It’s no secret that there is a global shift taking place towards a healthier way of life, the goal being to take in as much nutrition as possible in the easiest way possible.
This is where growing microgreens in your kitchen comes in. You may have seen microgreens on the shelves in supermarkets – some are harvested and packed, some are even sold in their growing trays for utmost freshness.
They are the tiny little leafy sprout looking things; the ones that will make your salad or veggie wrap look super sophisticated.
What are microgreens?
Seedlings grown to their first or second stage leaves, growing no taller than about 7.5cm – 10cm, they can be considered adolescent vegetable greens, harvested before they reach maturity.
Microgreens have a growing cycle of anything between 7 and 21 days and are harvested once the little plants’ first leaves have emerged.
They are similar to baby greens in that only their stems and leaves are edible. Unlike sprouts, they are usually grown in soil and only the visible part of the plant is harvested for consumption.
Types of microgreens
There are several different types of microgreens that can be grown:
- Asteraceae family: endive, radicchio, lettuce
- Apiaceae family: dill, fennel, celery, carrot
- Amaranthaceae family: amaranth, quinoa, swiss chard, beetroot, spinach
- Amarullidaceae family: garlic, onion, leek
- Brassicaceae family: broccoli, cauliflower, cabbage, watercress, radish, arugula
- Cucurbitaceae family: melon, squash, cucumber
Benefits of microgreens
Although their nutrient content varies depending on the type of plant, they all contain an exceptionally high concentration of nutrients.
In fact, they contain up to nine times more nutrients than their fully developed versions.
They are rich in minerals like iron, zinc, magnesium and potassium. In addition, they are a great source of antioxidants.
Their vitamin and antioxidant contents have shown to be about 40 times higher than those of their mature counterparts.
Therefore, it’s safe to say that including microgreens in your daily diet can have significant health benefits, whether it be in your salads, smoothies, soups, sandwiches, wraps, pizzas or green juices.
How to grow microgreens in your kitchen
Growing microgreens in your kitchen is extremely easy and equally rewarding. Once you have mastered the technique, you can create a cycle of growing so that you have a constant supply of microgreens at your disposal.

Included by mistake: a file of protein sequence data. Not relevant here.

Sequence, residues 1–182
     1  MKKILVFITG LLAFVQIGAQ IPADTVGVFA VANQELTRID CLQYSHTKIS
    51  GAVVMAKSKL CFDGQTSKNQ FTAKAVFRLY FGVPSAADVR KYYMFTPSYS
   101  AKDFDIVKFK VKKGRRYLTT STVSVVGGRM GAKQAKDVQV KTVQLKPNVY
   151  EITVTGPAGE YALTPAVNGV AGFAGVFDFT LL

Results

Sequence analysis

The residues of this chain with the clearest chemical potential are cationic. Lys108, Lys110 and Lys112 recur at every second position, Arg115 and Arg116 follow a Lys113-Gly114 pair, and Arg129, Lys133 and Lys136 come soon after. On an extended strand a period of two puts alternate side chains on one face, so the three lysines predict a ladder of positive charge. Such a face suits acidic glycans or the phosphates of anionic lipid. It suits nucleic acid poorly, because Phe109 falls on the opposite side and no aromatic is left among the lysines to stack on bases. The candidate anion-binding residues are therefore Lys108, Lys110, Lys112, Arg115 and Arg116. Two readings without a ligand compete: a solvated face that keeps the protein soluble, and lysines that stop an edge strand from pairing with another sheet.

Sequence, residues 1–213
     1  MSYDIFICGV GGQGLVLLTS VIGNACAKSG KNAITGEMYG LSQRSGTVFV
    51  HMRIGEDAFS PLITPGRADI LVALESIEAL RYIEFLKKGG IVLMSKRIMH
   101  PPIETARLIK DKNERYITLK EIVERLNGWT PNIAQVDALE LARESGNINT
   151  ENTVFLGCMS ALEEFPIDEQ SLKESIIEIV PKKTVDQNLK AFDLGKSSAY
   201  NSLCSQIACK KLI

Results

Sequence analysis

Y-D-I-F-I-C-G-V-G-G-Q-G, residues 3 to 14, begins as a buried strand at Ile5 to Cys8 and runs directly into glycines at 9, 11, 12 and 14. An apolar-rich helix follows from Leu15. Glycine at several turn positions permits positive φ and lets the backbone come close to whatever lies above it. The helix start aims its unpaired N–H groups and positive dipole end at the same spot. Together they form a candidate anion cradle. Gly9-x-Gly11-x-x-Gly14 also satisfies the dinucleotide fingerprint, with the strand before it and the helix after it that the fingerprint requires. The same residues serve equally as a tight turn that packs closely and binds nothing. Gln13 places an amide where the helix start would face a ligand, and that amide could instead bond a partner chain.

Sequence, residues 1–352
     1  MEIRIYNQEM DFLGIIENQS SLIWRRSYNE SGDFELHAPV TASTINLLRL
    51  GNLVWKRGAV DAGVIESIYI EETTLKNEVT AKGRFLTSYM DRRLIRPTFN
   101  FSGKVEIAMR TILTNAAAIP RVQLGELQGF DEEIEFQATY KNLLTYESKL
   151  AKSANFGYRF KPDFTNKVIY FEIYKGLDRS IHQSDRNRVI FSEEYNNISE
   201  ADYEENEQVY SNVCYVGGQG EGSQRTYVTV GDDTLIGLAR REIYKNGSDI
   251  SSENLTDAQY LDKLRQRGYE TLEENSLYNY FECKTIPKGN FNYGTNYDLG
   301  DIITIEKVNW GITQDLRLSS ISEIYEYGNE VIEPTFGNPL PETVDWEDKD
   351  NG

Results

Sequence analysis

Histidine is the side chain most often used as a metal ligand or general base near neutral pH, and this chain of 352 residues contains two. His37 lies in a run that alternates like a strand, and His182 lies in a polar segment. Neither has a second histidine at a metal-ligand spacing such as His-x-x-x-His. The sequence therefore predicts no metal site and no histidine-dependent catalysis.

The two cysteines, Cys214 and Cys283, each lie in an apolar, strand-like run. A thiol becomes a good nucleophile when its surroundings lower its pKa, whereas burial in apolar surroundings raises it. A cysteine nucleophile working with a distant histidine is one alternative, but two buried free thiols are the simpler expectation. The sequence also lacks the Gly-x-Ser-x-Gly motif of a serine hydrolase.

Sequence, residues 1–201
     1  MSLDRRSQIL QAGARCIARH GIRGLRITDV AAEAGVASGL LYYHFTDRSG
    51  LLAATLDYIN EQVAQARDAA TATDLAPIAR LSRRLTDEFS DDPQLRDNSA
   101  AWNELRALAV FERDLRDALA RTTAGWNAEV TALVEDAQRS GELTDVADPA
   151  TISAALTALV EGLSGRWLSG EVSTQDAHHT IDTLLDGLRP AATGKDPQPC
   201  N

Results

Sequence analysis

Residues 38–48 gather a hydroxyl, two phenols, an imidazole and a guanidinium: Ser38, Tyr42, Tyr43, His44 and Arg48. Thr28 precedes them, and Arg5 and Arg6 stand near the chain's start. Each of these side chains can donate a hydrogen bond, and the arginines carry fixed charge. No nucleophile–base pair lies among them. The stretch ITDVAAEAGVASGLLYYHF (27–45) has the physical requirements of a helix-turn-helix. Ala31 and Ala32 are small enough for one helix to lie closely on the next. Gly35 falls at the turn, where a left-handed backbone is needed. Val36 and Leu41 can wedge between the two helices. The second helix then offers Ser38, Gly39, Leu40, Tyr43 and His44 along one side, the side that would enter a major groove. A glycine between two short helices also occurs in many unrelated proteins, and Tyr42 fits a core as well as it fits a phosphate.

Here is a simple guide on how to grow microgreens:
Firstly, you will need the following supplies:
- A shallow tray with adequate draining
- A bottom tray for bottom watering and to catch drained water
- Spray bottle
- Peat moss (Grow medium)
- A sunny windowsill
- Microgreen seeds
- Purchase a good brand of fine peat moss – make sure it has a PH level of 5.5 – 6.5. Fill your seedling trays with the peat moss. Level the peat moss to ensure the seeds can spread out evenly.
- Spread the seeds across the soil. Be careful not to completely cover the soil in seeds – a high density of growth can lead to airflow being inhibited once they germinate.
- Using filtered water, mist the seeds with the spray bottle and cover with a plastic lid in a dark area for 3 -4 days to ensure good germination. You can mist the trays up to 3 times a day during germination.
- Once the seeds have germinated, you can remove the plastic lid. Then place the tray in a windowsill that receives a lot of sun. Continue misting with a spray bottle when needed. Do not overwater, this can lead to waterlogged grow medium which can result in disease.
- If the growth is too dense for the mist to reach the soil, you can switch to bottom watering by simply pouring water into the bottom tray. This allows the soil to take up as much water as it needs through the drainage holes in the grow tray.
- Make sure to rotate your tray at regular intervals, ensuring that all of the greens receive the same amount of sun – this will prevent them from leaning too much in one direction.
- Harvest your microgreens and enjoy.
When to harvest microgreens
These little plants are ready to harvest when they have developed cotyledons, which are known as the embryonic leaf found in seed-bearing plants.
These are the first leaves to appear from a germinating seed.
Harvesting time varies depending on what type of plant is growing. However, you can experiment with harvesting at different stages of growth, which will offer different taste variations.
Although you can store harvested microgreens in the fridge for up to 3 days, they are best eaten straight after harvesting.
Therefore, it’s a good idea to harvest or grow only the amount of microgreens you will need for your meal.
Also, by planting a new tray every week, you can ensure you have a constant supply of fresh microgreens all year long.
Bocadillos – Restaurants in Port Elizabeth
The chefs at Bocadillos love the idea of growing microgreens in your kitchen. We believe in living a healthy, nutritional life (with a bit of guilt-free indulgence here and there, of course).
To find out about the nutritious options on our menu, or to make a booking, contact us.